KIN232 Final Review
KIN232 Final Review KIN232
Popular in Basic Human Physiology
Popular in Education and Human Development
verified elite notetaker
AST 1002-Section 3
verified elite notetaker
verified elite notetaker
verified elite notetaker
verified elite notetaker
verified elite notetaker
This 8 page Bundle was uploaded by askcch on Sunday September 25, 2016. The Bundle belongs to KIN232 at University of Miami taught by Dr. Wesley Smith in Spring 2015. Since its upload, it has received 3 views. For similar materials see Basic Human Physiology in Education and Human Development at University of Miami.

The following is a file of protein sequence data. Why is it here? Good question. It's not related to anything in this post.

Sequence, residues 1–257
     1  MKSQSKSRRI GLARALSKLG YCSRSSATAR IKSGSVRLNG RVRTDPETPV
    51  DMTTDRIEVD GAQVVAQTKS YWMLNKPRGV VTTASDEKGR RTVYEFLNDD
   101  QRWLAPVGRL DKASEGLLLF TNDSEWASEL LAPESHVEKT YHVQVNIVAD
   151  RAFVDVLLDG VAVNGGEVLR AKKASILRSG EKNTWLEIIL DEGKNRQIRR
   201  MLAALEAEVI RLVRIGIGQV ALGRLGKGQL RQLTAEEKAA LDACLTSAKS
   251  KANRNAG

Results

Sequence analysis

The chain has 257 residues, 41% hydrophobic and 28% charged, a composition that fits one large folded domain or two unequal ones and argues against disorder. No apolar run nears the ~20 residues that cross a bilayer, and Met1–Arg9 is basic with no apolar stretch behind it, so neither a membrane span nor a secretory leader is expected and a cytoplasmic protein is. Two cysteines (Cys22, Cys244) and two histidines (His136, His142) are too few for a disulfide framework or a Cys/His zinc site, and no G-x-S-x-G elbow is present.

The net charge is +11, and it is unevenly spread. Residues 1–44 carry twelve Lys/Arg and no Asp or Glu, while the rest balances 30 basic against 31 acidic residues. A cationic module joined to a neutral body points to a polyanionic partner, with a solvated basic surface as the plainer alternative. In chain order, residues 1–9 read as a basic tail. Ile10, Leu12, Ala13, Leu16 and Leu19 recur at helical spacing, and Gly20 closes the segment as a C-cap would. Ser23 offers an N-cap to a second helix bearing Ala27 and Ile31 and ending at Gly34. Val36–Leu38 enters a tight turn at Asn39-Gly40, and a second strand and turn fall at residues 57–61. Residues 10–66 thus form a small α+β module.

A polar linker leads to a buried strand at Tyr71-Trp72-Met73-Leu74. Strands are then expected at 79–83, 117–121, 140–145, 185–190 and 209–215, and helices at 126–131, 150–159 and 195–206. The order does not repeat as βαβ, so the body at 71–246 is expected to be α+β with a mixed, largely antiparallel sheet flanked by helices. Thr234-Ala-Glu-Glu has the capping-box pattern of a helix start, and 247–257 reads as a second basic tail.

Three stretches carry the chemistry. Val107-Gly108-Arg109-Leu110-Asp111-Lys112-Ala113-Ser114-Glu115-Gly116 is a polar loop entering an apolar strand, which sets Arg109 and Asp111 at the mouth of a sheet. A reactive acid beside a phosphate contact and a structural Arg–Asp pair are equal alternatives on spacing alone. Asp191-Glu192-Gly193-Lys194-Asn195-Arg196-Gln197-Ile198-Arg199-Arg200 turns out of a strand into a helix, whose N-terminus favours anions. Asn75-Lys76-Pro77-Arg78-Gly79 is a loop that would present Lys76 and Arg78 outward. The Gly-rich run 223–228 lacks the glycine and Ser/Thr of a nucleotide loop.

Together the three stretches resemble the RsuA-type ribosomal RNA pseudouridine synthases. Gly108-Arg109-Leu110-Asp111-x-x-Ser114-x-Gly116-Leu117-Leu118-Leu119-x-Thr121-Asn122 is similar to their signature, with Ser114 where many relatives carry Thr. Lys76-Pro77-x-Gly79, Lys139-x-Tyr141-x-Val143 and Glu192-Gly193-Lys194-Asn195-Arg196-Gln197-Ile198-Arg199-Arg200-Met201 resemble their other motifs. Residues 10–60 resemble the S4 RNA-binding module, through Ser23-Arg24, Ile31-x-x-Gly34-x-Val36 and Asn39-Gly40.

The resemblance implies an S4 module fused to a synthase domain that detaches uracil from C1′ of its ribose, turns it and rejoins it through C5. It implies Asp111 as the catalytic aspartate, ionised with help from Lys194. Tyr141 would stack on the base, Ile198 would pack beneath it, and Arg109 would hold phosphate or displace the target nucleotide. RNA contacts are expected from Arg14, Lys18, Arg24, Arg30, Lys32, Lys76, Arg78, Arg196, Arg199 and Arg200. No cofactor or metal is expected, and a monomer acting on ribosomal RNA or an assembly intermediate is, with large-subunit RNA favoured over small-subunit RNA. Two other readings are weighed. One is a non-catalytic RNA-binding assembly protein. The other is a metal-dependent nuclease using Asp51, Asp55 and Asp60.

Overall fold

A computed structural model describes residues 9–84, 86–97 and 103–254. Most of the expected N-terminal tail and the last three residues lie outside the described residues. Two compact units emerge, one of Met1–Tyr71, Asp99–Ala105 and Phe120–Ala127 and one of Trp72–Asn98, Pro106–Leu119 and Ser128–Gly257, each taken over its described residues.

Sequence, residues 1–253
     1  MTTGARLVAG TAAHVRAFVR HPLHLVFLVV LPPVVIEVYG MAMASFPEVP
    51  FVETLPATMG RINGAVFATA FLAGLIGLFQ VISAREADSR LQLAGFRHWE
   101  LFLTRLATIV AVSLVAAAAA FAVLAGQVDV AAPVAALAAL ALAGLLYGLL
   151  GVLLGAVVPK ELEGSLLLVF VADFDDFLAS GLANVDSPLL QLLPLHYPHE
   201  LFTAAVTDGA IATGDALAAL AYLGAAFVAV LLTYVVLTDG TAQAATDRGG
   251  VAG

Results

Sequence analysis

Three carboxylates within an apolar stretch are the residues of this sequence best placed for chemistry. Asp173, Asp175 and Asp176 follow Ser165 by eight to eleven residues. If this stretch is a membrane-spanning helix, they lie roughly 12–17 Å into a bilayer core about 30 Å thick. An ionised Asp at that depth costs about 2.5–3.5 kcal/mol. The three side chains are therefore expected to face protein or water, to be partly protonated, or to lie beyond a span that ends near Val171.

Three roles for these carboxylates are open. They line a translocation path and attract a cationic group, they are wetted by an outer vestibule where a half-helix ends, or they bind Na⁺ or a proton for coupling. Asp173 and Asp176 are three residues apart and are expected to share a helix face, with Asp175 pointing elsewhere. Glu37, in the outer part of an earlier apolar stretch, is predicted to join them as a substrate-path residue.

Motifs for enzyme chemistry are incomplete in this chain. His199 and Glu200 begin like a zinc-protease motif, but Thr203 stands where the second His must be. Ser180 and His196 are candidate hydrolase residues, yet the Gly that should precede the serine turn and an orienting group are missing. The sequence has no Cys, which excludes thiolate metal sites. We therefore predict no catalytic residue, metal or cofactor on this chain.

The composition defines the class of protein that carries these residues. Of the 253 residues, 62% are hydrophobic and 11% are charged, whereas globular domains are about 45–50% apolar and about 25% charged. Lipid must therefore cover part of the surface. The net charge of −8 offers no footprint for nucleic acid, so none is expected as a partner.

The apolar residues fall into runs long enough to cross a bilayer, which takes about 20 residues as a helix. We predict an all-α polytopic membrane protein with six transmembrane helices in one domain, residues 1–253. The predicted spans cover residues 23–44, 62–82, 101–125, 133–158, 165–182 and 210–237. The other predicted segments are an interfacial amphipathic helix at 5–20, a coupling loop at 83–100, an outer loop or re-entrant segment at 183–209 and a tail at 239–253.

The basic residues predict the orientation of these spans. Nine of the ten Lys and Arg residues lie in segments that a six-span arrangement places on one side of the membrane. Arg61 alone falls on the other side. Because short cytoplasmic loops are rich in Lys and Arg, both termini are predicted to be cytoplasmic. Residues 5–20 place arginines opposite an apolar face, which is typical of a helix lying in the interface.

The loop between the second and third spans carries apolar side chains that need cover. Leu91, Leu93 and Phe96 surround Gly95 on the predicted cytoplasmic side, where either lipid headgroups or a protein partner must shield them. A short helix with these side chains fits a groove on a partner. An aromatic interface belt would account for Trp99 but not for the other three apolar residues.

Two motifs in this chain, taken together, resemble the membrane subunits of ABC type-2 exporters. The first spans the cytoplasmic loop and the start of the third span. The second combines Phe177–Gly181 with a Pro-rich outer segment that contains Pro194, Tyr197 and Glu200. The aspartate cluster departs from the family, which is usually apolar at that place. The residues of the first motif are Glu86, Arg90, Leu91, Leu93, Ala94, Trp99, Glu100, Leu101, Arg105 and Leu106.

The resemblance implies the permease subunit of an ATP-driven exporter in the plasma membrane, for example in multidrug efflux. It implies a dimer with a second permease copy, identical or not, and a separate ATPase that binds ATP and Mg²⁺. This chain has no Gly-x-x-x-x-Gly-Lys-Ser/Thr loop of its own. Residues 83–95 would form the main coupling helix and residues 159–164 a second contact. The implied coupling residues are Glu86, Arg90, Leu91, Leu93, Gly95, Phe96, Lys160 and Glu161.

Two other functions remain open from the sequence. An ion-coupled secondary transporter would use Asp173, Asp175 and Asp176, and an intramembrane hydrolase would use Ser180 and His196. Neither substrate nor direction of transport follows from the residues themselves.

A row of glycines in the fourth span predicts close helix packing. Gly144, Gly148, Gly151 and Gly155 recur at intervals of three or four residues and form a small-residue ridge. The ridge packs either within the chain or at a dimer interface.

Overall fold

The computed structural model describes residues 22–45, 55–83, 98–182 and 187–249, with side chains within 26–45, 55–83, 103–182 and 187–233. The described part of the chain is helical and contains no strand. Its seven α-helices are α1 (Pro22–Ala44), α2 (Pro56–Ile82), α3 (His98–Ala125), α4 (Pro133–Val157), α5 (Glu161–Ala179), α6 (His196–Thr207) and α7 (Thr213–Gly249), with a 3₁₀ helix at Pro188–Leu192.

Reviews for KIN232 Final Review
Report this Material
What is Karma?
Karma is the currency of StudySoup.
You can buy or earn more Karma at anytime and redeem it for class notes, study guides, flashcards, and more!
Date Created: 09/25/16